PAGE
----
3 More Reasons SMBs Stick With Windows XP

Microsoft says Windows 8 selling like hotcakes, or at least like Windows 7. Here's why some SMBs are just saying no.
3. They Just Haven't Done It Yet.

Hey, it's not like there's a magical switch you can flip to move seamlessly from one OS to the next. Moving dozens, hundreds or certainly thousands of machines -- and their aforementioned users -- can take time. Budget's one reason. Slim IT staffs are another. There's testing to be done and a host of other tasks, too. They're moving on their schedule, not Microsoft's.

Nate6203 said: "We have around 200 XP left but will be replacing them within the next two years with Win7." Likewise, Jim9456 probably won't make Microsoft's support cutoff: "We have about 40 Win 7 and 80 Win XP. Are slowly replacing the XP machines with Win 7. At the rate we are going will probably not make the April 2014 deadline."

Sometimes, it's the nature of the business that hampers -- or altogether prevents -- an OS migration. That's the case for Eprince, who supports around 100 XP boxes and just a handful of Windows 7 machines. "We've been close to moving on Win 7 for a couple years, but business needs leave us only certain windows of opportunity to do it," eprince said. "Another issue is an IT staff of two and both positions have had turnover which upends planning. I'm hoping to finally get images and a plan in place by the end of tax season. As an accounting firm, nothing can be done between Jan and mid April, except planning."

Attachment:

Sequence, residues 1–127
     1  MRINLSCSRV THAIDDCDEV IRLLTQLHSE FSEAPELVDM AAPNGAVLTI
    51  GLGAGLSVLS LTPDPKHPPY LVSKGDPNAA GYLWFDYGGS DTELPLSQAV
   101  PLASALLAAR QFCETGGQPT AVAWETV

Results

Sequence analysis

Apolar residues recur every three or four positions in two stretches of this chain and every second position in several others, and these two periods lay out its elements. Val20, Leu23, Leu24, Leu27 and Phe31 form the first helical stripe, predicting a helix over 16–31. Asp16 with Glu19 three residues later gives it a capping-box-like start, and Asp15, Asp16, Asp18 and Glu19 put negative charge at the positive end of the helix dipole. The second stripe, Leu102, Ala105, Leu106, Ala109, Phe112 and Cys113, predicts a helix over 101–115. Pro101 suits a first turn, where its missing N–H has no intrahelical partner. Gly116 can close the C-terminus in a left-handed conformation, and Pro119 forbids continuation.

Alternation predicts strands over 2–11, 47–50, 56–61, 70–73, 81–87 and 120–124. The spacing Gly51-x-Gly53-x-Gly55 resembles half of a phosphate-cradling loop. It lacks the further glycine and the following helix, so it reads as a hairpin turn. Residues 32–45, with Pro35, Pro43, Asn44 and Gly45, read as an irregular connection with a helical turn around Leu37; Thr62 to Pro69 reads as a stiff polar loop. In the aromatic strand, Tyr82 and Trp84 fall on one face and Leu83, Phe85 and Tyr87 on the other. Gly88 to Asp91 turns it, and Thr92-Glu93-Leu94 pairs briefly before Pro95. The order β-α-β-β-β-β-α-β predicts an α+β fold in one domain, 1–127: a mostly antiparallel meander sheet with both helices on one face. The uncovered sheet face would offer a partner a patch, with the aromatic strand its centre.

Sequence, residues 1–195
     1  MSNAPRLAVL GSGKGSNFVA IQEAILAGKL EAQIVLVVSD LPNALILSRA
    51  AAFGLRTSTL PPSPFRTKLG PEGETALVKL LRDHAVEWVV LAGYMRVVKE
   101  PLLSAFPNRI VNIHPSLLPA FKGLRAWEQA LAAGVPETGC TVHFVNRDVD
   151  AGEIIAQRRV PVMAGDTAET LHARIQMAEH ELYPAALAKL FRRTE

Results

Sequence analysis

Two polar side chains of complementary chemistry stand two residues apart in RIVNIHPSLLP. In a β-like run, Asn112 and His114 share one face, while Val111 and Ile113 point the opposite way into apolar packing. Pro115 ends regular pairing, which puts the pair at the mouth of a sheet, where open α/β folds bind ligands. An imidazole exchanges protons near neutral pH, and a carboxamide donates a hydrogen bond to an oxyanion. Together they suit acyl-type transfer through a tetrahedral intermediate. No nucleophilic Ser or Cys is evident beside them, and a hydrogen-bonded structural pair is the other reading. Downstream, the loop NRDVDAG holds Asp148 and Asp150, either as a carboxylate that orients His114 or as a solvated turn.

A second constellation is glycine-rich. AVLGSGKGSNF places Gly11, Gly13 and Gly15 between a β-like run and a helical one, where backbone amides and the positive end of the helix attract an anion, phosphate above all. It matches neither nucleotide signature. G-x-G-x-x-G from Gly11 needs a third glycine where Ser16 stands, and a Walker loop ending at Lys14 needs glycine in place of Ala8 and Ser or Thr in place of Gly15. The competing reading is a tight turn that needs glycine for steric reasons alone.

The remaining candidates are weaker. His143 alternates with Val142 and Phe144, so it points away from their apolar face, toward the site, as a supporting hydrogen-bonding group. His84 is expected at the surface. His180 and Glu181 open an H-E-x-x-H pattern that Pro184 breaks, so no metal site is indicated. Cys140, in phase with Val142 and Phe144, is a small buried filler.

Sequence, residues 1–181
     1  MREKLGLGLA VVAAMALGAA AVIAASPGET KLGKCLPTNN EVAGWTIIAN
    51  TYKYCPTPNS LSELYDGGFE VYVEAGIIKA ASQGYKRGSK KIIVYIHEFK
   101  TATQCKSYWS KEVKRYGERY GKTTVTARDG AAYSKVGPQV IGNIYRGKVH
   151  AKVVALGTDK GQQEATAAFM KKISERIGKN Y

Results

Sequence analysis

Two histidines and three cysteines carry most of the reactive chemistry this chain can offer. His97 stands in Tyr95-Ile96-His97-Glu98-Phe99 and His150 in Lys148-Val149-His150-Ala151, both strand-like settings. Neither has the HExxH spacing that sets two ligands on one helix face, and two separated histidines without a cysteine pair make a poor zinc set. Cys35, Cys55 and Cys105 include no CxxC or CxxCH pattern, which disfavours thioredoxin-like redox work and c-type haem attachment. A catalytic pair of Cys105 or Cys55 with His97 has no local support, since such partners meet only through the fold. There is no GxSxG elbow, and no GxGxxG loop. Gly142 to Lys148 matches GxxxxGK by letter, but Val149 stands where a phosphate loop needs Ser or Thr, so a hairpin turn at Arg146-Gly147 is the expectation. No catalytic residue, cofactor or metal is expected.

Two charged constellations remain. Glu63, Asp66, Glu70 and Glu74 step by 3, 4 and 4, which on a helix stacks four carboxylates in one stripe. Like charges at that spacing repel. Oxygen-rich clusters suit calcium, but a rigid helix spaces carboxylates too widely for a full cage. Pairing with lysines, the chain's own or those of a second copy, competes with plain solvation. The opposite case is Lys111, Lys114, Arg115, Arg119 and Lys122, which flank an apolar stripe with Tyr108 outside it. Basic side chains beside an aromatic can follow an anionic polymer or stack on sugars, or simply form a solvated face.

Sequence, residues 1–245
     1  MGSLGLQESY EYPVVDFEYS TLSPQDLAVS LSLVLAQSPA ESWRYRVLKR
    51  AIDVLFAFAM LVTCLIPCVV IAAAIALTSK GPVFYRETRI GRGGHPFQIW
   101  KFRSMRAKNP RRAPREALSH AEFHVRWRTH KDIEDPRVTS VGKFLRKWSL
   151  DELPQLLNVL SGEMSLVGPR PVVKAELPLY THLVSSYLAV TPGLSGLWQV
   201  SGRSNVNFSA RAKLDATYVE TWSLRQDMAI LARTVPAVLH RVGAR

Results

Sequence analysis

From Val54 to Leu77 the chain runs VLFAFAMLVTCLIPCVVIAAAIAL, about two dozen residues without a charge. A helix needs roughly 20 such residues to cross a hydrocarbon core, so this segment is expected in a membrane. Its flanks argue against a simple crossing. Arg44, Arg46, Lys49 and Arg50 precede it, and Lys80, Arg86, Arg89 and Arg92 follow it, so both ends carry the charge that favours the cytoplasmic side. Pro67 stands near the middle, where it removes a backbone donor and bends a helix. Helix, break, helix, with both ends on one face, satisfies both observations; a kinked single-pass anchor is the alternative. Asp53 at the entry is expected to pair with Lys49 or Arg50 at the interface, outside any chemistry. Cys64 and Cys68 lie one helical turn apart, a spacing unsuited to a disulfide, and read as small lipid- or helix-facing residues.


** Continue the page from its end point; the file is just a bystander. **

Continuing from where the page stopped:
Mobile and remote workers can cause upgrade headaches, too. "Hard to get some of the laptops scheduled for an upgrade when they haven't even been in the office for over a year," noted afeitguy. Nonetheless, his organization is "mostly" on Windows 7 now, and he takes a less rosy view on the prospect of missing that April 2014 end-of-life date. It's not so much support that worries him but a lack of security patches.

"The day XP is unsupported, I'm hoping all of you with XP machines immediately disable their Internet access. Those machines will become liabilities," afeitguy said. "I know it's not always up to us, as IT staff, to decide whether you move forward or not, but it's not like Microsoft just cut out XP with no warning. There has been ample time to plan for this. More so than any other OS in the history of computing, pretty much."

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